West Greenland's transition from a cod-fishing to a shrimp-fishing economy, ca. 1960-90, provides a case study in the human dimensions of climatic change. Physical, biological, and social systems interacted in complex ways to affect coastal communities. For this integrated case study, we examine linkages between atmospheric conditions (including the North Atlantic Oscillation), ocean circulation, ecosystem conditions, fishery activities, and the livelihoods and population changes of two West Greenland towns: Sisimiut, south of Disko Bay, and Paamiut, on the southwest coast. Sisimiut prospered as a fishing center through the cod-to-shrimp transition. Paamiut, more specialized in cod fishing, declined. Their stories suggest two general propositions about the human dimensions of climatic change. First, socially important environmental changes result not simply from climatic change, but from interactions between climate, ecosystem, and resource usage. Second, environmental changes affect people differentially and through interactions with social factors. Social networks and cohesion (social capital) are important, in addition to skills (human capital), investments (physical capital), and alternative resources (natural capital): all shape how the benefits and costs are distributed.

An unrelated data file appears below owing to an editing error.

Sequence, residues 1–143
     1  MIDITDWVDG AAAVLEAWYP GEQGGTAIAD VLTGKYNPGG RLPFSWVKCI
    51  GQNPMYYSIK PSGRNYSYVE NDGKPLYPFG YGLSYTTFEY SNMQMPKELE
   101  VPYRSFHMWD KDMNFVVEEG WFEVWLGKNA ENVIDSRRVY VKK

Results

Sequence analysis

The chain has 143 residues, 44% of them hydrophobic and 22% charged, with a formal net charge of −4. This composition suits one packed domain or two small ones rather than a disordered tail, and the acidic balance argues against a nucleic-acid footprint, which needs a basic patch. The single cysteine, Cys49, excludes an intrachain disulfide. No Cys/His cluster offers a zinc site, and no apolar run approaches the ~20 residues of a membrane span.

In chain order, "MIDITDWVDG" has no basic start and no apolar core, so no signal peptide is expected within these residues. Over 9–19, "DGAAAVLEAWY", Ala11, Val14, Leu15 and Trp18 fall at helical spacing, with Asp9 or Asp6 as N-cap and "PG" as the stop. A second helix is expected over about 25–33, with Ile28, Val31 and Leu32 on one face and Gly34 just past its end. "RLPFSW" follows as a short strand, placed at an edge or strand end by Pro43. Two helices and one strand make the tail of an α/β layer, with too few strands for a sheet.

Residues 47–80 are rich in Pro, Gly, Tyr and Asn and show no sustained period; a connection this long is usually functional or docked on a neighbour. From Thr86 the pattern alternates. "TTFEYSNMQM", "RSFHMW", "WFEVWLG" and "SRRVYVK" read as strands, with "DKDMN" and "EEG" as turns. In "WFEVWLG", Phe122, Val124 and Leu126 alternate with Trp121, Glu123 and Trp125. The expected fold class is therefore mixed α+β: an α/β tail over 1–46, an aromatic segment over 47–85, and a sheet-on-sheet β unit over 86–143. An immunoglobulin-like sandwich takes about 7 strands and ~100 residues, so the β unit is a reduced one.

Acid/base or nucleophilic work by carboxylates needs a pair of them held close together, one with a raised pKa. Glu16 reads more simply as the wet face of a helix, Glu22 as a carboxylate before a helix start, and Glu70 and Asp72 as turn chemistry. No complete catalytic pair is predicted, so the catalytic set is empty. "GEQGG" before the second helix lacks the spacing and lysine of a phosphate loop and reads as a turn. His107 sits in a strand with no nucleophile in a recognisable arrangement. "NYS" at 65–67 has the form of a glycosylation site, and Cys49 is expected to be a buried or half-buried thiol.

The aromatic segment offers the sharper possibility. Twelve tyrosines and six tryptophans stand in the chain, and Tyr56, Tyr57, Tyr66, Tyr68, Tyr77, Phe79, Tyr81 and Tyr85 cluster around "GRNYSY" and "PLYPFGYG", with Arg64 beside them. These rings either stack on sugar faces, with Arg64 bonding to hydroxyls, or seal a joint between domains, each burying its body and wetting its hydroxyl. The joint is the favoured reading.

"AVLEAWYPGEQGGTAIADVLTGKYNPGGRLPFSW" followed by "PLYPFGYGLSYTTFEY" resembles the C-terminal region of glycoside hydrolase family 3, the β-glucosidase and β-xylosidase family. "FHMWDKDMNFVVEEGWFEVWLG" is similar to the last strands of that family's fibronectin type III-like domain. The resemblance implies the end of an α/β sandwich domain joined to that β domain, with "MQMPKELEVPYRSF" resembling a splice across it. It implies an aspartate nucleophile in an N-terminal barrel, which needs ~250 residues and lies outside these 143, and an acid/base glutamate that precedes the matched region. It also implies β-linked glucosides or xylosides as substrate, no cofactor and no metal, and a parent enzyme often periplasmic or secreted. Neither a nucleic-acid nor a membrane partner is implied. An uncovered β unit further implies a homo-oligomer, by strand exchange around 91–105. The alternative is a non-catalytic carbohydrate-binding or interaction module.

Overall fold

Arctic Institute of North America
Hamilton, L.C., Brown, B.C., Rasmussen, R.O. West Greenland's Cod-to-Shrimp Transition: Local Dimensions of Climatic Change. (2003) Arctic, 56 (3), pp. 271-282.